Topics in Chemehuevi Morphosyntax: Lexical Categories, Predication and Causation
Committee ChairHarley, Heidi
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PublisherThe University of Arizona.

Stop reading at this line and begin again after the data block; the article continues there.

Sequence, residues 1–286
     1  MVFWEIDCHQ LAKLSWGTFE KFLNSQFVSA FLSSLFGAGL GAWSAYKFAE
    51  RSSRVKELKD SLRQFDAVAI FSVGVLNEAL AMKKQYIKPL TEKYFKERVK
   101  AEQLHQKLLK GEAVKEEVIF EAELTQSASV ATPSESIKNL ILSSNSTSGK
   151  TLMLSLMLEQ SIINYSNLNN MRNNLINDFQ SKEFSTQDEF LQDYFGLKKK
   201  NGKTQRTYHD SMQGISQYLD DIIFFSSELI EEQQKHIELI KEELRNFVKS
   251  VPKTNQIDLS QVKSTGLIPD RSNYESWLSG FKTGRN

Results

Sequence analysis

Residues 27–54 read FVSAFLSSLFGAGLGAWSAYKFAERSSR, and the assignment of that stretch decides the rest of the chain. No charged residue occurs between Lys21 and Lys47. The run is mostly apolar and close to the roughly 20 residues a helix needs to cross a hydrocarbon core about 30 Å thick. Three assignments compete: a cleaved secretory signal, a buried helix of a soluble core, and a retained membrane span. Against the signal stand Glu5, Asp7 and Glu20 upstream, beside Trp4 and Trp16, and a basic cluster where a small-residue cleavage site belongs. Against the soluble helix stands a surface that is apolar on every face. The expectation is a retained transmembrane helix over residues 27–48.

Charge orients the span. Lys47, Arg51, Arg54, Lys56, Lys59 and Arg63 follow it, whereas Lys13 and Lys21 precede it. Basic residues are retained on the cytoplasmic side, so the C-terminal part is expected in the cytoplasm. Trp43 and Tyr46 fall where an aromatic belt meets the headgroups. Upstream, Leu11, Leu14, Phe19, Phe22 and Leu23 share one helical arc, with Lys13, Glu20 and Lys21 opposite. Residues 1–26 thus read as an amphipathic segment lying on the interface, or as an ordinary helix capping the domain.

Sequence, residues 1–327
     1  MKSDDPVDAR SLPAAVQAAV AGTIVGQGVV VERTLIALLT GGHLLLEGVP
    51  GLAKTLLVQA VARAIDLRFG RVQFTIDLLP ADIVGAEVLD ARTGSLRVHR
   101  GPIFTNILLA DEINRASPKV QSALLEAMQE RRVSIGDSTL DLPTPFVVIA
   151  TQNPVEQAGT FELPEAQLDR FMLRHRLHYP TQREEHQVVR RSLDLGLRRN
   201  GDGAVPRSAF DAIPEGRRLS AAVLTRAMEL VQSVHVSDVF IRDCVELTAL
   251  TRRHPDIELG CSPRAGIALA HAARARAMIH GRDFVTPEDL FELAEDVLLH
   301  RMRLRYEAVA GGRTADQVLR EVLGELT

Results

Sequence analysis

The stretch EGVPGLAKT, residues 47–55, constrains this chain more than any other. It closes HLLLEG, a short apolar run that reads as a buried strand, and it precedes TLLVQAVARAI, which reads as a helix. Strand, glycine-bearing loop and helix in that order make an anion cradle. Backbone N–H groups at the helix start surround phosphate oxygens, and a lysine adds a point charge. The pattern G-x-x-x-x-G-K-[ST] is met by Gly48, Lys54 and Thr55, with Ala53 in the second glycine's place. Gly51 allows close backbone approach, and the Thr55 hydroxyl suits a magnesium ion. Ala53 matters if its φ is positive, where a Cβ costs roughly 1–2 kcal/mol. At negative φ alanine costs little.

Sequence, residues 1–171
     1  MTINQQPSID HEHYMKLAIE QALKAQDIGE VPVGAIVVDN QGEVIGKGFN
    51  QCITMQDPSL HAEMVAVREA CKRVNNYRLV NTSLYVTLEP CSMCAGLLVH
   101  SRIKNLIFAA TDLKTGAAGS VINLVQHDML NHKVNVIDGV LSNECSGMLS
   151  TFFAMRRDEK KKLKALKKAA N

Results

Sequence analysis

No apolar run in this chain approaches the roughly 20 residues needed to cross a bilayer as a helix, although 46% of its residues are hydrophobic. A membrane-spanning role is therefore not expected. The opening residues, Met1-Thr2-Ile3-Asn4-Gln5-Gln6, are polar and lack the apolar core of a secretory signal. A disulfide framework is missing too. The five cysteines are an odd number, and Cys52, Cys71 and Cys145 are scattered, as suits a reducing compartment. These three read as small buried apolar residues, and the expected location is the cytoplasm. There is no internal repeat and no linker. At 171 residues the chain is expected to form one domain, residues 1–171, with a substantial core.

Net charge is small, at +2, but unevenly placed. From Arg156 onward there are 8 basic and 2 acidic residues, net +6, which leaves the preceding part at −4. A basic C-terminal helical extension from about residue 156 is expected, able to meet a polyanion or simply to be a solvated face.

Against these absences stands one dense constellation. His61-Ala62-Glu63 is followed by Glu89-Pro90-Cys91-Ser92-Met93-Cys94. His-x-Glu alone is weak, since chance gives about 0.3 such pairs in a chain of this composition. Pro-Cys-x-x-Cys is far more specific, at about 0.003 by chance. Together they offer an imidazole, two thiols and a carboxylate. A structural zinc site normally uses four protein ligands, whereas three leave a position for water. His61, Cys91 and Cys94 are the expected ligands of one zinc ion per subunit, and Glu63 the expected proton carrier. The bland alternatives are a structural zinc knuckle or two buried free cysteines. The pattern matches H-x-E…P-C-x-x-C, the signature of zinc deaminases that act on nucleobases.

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AbstractThis dissertation is an application of the framework of Distributed Morphology to the morphosyntax of Chemehuevi, an endangered Southern Numic language of the Uto-Aztecan family. Following one of the central claims of DM, I argue that word formation in Chemehuevi happens in the syntax and provide evidence for this claim from the formation of lexical categories, as well as from the morphosyntax of the Chemehuevi causative verbs. I frame my discussion of lexical categories around the Root Hypothesis (Marantz 1997, Arad 2005), a notion that there are no underived nouns, verbs, or adjectives in the grammar, but roots that receive interpretation and assignment to a `part of speech' depending on their functional environment. I show that Chemehuevi nouns and verbs are formed when roots are incorporated into nominal or verbal functional heads, many of which are overtly represented in the language. I also demonstrate that there is no distinct class of adjectives in Chemehuevi, and that roots with adjectival meanings are derived into stative verbs or nominalizations, depending on their function.My discussion of predication in Chemehuevi centers around the previously unexplained distribution of the enclitic copula -uk, which under my analysis is viewed as an overt realization of a functional head Pred (based on Baker 2003), which is obligatory in the formation of nominal and adjectival, but not verbal predicates.Another major theme of the dissertation is the notion that word-formation from roots differs from word-formation from derived words, known as the Low vs. High Attachment Hypothesis (Marantz 2000, Travis 2000, etc.). This approach explains the differences between compositional and non-compositional word formation by the distance between the root and functional head(s) attached to it. On the basis of Chemehuevi causatives, I show that causative heads attached directly to the root derive words that exhibit morphophonological and semantic idiosyncrasies, such as allomorphy and availability of idiomatic meanings, while high attachment heads derive words that are fully compositional. This locality constraint on interpretation of roots is explained in terms of phase theory, and I present evidence from Chemehuevi showing that what constitutes a phase may be subject to parametric variation.Each chapter of the dissertation contains a section for non-linguistic audience where I provide a summary of the main points in non-theoretical terms and connect them to practical applications for the purposes of language learning and revitalization.